Please stop talking
Recently a general counsel told me that as a young associate at a law firm he was very excited to be asked to attend his first meeting with a client. He said after the meeting the partner who was with him called him aside and said, “You need to shut up.” He was quite offended at the time, but in hindsight he believes it was some of the best advice he ever received.
Whitepapers or eBooks: What is the difference?
Content that is of interest to your target audience positions you as a thought leader and a reliable resource when the need arises for your services. You want to remain top of mind with your client and prospect base. There are many ways to do this, but recently (see the first article to the right) the whole idea of whitepapers seems to be one of the least preferred methods of getting information. EBooks on the other hand, seem to be on the rise. My view is that the “old” whitepaper can easily be turned into an eBook once you understand the differences and similarities.
Build multiple streams of referrals
When you get a new client and you ask, “So, how did you hear about me?” My guess is that a large percentage of the time the answer is that someone you know or already do work for sent the new client your way. If this is how you are currently generating many of your new clients, doesn’t it just make sense that you should also be focusing the majority of your business development time to being diligent and strategic about your referral relationships? Amicus Attorney offers some great low cost/low risk ways to grow your business, complete with a quote from Zig Zigler.
Blogs for business development
Do blogs really work?
Do they generate business?
The answer to these questions depends upon how committed you are to blogging and what you post to your blog. Here are some “best practices” for you to consider if you currently have a blog or are thinking about starting a blog. But before I get to best practices consider these statistics.
How’s your email etiquette?
Maybe you are thinking, “What does email etiquette have to with business development?” Generally, quite a lot. People will judge your ability to communicate, your responsiveness, your diplomacy, and your organizational skills by how you handle your email. Here are a few guidelines that may help you identify where you might improve your personal brand and your client service. Disclaimer: The author is guilty of violating most, if not all, of these guidelines at some point in time. It’s not easy to get it right all the time, but it is definitely worth a try.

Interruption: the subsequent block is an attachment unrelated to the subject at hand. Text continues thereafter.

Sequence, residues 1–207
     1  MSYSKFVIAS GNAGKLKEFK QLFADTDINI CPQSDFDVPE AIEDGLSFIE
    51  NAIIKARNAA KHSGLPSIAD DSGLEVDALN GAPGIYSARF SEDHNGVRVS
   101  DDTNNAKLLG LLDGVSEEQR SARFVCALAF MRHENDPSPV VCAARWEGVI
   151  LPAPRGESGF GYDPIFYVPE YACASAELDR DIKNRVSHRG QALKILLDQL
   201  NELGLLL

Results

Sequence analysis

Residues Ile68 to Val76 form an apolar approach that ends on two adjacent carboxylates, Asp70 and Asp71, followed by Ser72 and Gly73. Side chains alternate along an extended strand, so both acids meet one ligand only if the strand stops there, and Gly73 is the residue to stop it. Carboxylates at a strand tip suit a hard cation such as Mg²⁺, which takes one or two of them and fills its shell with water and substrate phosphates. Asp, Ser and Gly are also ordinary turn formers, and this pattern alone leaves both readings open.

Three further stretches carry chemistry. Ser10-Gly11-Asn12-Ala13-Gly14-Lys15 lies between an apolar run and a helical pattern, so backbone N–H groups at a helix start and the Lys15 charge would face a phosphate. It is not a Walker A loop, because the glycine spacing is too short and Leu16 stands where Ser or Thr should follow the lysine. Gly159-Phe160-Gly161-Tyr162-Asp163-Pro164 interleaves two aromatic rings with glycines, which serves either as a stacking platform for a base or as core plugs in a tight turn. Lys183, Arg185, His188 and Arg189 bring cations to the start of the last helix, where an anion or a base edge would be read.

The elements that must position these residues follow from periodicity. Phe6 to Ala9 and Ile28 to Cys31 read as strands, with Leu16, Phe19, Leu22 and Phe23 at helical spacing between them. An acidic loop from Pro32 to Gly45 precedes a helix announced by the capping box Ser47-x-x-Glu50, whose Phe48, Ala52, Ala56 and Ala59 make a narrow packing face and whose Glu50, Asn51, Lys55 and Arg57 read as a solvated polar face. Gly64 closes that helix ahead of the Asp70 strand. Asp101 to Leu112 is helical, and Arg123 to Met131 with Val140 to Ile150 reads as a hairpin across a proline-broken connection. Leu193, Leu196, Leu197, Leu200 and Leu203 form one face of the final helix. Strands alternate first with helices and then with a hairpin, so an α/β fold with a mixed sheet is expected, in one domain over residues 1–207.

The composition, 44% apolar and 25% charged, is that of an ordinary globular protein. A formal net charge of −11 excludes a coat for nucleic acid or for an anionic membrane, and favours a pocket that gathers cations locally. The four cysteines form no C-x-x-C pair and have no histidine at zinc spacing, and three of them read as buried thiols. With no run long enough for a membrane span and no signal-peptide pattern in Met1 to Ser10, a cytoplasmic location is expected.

I'm pretty sure my clients love me
Most small to mid-sized companies use on average three to five law firms. Larger companies use even more. So, each and every day you are being compared to your competitors. Knowing how you compare to them in terms of your service and client satisfaction is good to know.
Rooms full of strangers freak me out
As most good rainmakers know, it is all about networking, and sometimes
this means talking to people who are total strangers. It can be daunting to
attend an event that your firm is sponsoring or a conference that your target
market attends and be expected to “go out there and make new friends.” There
are ways you can make this easier on yourself and be more strategic about how
you use these opportunities.
Is native advertising right for you? It may be a perfect fit for your marketing strategy.
50 simple ways to market your practice
Some good tips in this list. The important thing is to have a business development plan and to monitor your progress regularly.